The La Coeur de la Reine is French red wine made for those of us who want something affordable, fresh and interesting
Last week, as part of some Skype tastings I’m doing for the American Wine Society, someone asked me why I would drink cheap wine, since it isn’t “distinctive.” My answer was two-fold: First, what’s the point of drinking $50 white Burgundy or $75 Napa Valley cabernet sauvignon with a Tuesday takeout dinner? Second, I’d argue the point that all cheap wine is bland and boring, using the La Coeur de la Reine as an example.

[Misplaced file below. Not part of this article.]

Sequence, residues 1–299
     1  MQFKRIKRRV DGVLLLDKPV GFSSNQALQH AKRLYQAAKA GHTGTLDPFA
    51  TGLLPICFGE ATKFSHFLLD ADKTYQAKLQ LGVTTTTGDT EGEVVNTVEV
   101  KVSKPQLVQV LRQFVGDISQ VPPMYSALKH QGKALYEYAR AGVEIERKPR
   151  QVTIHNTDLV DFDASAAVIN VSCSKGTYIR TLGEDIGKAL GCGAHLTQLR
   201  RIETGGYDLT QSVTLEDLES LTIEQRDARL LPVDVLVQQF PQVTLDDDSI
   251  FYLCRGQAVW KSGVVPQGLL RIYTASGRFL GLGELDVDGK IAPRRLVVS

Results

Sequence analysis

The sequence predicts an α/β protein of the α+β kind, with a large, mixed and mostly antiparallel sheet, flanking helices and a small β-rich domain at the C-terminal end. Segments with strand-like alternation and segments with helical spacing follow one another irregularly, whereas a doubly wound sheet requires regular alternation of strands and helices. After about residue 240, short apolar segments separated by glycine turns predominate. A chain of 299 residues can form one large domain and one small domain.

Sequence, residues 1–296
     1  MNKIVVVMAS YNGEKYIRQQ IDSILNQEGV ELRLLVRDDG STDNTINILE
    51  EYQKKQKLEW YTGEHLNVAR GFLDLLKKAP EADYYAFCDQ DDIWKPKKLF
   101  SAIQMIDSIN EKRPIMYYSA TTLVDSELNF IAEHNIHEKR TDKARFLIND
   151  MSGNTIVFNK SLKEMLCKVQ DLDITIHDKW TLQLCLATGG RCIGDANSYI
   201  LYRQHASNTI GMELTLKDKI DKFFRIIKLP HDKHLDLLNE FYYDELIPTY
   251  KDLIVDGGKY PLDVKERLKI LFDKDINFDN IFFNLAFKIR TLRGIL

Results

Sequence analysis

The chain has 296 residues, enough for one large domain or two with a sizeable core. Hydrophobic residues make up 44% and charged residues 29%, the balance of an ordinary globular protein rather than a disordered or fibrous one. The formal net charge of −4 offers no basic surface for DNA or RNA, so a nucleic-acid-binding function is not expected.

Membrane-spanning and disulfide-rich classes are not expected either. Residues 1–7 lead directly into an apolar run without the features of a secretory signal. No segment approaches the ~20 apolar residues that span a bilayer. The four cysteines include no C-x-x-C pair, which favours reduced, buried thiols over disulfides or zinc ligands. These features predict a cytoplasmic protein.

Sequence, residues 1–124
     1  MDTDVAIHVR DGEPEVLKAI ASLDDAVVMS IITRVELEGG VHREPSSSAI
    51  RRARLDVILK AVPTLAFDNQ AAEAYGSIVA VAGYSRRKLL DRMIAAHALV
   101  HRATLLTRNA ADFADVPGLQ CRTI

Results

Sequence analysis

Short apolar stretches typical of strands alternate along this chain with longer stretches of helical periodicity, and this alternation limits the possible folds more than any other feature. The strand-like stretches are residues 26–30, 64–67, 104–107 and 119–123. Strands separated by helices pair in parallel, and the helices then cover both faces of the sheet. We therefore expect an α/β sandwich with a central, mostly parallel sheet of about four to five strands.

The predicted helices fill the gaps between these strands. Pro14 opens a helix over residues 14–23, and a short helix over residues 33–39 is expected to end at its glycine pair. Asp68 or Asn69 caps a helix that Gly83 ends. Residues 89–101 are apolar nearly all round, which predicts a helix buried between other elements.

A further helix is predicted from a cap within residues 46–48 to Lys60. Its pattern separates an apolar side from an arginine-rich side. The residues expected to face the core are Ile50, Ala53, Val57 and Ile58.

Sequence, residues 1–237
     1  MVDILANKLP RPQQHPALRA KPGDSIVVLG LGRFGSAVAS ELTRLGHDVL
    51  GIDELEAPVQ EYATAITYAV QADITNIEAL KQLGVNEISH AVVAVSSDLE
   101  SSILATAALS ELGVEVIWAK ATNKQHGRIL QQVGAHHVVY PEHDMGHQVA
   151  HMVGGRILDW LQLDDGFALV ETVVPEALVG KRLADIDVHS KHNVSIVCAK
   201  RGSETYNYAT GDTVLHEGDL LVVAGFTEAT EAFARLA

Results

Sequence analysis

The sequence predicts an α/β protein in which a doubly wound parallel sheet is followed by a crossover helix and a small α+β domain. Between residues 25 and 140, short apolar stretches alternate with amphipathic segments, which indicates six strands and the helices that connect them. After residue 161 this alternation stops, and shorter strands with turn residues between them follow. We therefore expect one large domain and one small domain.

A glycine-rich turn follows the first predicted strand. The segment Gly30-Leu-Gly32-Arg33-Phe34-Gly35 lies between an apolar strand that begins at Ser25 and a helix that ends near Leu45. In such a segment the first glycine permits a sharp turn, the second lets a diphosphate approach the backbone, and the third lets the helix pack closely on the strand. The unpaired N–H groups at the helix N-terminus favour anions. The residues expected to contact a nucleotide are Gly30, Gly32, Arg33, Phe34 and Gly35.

The La Coeur de la Reine ($10, purchased, 13%) is a French red made with a less common grape from a less common region – gamay from the Loire. If gamay is known at all, it’s for Beaujolais, and it’s not the usual red grape from the Loire. That’s cabernet franc, which is hardly well known itself. Nevertheless, this wine does everything a $10 wine is supposed to do – and then some.
Know that it is about as different as $15 Beaujolais as possible, without any of the annoying banana smoothie flavor that shows up all too often these days. Instead, there is lots of tart berry fruit, a suggestion of baking spice, and an amazing freshness that most wines made with gamay don’t bother with. And it is a food wine in the most wonderful bistro sense, in that it will go with almost anything you have for dinner that isn’t in a cream sauce.
Highly recommended, and almost certain to be included in the 2020 $10 Hall of Fame.
Imported by Valkyrie Selections